I ate fake chicken breast that the maker of Nuggs squeezed through a showerhead

Simulate’s new plant-based chicken breast. | Image: Simulate

A new microwavable fake chicken breast is on its way from the makers of meme-famous Nuggs. The alternative meat startup Simulate plans to launch the new product in some two dozen New York grocery stores on July 7th. Curious consumers outside of the Big Apple will also be able to buy the stuff online on Simulate’s website at $2.99 a piece.

Simulate similarly launched its plant-based chicken nuggets, Nuggs, online in 2018 before offering it in stores in 2021. (The Verge was there for the ride.) Since then, the market for plant-based meat alternatives has slumped. Now, Simulate’s trying to beat the odds with an easy-to-prepare product and seemingly more serious branding than it came to be known for with Nuggs.

You can zap the individually wrapped and seasoned breasts in the microwave for about a minute and eat them out of the package. And for now, it’s just called “Simulate Chicken Breast,” although Simulate founder Ben Pasternak says that could change in the future.

The memes are gone — the company deleted all the photos on its Nuggs Instagram account. When Simulate shared a photo of its forthcoming fake chicken breast on its new Instagram account, it got comments like, “I can’t tell if this is a meme” and “Where did all the memes go?”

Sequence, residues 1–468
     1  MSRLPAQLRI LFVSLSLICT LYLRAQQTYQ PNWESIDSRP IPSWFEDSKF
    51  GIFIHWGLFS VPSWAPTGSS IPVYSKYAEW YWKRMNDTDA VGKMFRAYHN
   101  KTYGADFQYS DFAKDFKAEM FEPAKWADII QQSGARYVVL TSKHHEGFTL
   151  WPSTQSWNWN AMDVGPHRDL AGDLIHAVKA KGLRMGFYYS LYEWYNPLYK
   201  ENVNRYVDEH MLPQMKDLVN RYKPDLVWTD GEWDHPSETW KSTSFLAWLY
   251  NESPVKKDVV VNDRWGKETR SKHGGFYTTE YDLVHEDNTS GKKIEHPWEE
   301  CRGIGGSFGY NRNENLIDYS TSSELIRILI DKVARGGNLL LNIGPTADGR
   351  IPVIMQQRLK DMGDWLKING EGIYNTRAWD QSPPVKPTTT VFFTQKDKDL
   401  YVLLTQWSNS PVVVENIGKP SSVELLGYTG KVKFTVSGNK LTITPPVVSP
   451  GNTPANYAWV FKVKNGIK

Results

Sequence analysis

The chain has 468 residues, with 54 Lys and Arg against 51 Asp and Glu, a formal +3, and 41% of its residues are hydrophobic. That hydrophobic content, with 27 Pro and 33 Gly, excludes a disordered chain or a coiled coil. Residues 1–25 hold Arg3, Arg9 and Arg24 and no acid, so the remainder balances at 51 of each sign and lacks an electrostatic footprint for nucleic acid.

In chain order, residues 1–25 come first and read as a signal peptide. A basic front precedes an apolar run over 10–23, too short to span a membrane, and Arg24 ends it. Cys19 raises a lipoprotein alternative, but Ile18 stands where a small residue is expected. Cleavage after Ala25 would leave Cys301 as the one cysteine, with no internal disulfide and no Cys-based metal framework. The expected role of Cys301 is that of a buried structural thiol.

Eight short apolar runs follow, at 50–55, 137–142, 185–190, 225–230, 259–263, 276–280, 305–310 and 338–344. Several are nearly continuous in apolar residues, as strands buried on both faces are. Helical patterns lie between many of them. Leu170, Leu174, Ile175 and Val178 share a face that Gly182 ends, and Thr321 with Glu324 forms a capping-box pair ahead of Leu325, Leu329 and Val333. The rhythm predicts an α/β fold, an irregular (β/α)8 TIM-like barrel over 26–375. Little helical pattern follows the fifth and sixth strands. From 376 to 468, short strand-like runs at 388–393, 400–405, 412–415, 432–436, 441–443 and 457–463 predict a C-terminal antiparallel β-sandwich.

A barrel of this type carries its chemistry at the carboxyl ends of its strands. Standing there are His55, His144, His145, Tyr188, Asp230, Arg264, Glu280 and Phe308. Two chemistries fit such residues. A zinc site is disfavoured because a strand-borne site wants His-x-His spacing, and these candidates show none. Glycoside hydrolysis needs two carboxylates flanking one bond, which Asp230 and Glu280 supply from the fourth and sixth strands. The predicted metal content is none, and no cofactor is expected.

“I love that question,” Pasternak tells The Verge. “The memes, I guess it feels like we outgrew them.” Apparently, the memes were going viral on social media but not getting more people to buy Nuggs.

“The TLDR is that the entire [alternative meat] space is kind of in some trouble,” Pasternak tells The Verge. “I think it’s happening because the products are not good enough or compelling enough to people who regularly eat animal based meat.”

Image: Simulate
Simulate’s plant-based chicken breasts.

The health argument for plant-based meat, since it tends to be heavily processed, is debatable, Pasternak admits. Plant-based alternatives can have a smaller environmental impact than beef or chicken. But there’s a good chance you’d get more bang for your buck by just eating plain old vegetables. So the edge Simulate hopes to have, especially with this new product, is convenience.

I taste-tested the breast yesterday for lunch and, as a meat-eater with an unfortunate affinity for processed foods, it sufficed. It’s seasoned sort of like a rotisserie chicken I might buy at the grocery store when I don’t have time to cook, and it smells like one, too. I scarfed it down at home with some quickly stir-fried vegetables before rushing into a virtual meeting. So I can see how this makes sense when you don’t have much time to cook — much less savor your food.

I will say the texture of this breast is… interesting. Simulate says it developed its own process to spin plant protein into fibers inspired by how the textile industry spins cotton into thread. Apparently, this involves dissolving plant protein (mostly from soy) in a water-based solvent and then drawing that protein solution through showerheads into another solution that solidifies it. The process allows Simulate to fashion a thicker cut of alternative meat than it could otherwise — and when you cut into it, the fibers sort of mimic the stringy parts of a chicken breast.

Chewing it, though, still reminds me of extra firm tofu.

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